The NRCA Head Start director feels strongly that the "connected care" program is a valuable service. However, she would like more control over the quality of care that Head Start children receive in afternoon child care. Under the current arrangement, in fact, she often asks herself whether children would receive better care from relatives than from local providers. Therefore, she would like to receive additional funding from Head Start or other Federal sources to provide either an in-house wraparound program or to contract with the quality local child care centers she currently cannot afford.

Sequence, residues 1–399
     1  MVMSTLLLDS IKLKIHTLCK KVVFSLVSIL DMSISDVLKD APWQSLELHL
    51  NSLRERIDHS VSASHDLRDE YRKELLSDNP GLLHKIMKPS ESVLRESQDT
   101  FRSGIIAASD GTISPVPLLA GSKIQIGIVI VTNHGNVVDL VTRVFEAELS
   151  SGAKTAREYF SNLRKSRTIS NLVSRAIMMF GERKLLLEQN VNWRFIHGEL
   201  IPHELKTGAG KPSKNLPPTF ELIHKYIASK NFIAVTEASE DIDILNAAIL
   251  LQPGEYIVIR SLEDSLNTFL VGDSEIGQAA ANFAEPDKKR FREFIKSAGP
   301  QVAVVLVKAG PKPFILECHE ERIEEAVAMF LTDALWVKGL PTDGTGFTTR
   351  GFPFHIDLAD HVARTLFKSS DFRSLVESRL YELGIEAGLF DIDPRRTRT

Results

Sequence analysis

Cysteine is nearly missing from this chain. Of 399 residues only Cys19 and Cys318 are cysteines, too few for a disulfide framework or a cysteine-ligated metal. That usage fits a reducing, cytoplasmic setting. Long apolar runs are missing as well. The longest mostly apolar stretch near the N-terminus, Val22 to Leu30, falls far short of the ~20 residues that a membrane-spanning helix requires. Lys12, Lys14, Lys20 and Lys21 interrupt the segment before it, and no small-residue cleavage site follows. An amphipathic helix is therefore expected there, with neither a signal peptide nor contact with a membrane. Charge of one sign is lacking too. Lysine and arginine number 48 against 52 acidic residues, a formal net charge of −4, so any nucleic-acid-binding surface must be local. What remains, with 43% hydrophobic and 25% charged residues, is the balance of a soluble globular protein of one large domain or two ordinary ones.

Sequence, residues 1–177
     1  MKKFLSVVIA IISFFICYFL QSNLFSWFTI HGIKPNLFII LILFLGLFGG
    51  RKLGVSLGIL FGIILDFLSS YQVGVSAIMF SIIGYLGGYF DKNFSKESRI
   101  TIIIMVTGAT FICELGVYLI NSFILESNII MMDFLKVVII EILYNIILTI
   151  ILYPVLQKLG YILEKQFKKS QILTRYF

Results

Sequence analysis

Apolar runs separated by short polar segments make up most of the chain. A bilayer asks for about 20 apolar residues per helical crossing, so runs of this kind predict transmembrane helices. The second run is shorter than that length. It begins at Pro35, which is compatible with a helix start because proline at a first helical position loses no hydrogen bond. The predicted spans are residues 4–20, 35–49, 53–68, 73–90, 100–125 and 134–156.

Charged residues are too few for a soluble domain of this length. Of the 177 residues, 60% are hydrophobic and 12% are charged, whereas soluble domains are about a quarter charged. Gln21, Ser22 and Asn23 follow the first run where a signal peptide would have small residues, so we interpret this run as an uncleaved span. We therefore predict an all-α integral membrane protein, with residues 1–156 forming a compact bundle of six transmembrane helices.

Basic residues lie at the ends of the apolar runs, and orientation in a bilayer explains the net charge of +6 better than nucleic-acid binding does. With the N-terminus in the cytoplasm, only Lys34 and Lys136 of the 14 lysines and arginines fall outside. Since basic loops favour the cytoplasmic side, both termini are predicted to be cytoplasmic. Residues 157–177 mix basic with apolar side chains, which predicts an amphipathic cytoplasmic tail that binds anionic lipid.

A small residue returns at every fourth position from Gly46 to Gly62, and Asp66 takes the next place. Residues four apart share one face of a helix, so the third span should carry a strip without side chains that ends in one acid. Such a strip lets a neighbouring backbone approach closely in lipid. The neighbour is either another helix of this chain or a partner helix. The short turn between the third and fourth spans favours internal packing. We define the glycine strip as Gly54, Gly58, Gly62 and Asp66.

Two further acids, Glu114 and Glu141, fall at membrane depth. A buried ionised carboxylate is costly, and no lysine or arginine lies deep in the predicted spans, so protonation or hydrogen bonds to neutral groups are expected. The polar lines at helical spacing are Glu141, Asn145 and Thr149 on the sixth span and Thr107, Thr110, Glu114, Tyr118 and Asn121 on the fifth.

If she launched a full-day wraparound program, however, she said she is concerned that the program would lose its "comprehensive focus" should staff members became overworked providing long hours of child care. Services that staff currently provide to families — such as home visits, and assistance obtaining drivers licenses or enrolling in education programs — are critical to family welfare, she believes, but require a great deal of staff time. Therefore, she feels she would require both increased funding to hire more staff and additional training in appropriate full-day staffing methods. Finally, she believes Head Start should provide funding to serve the older and younger siblings of eligible children, in order to solve child care problems she so frequently sees in working families. Her Regional Program Specialist supported her recommendations for increased funding, noting that quality, affordable child care for children of every age is a prerequisite for welfare reform.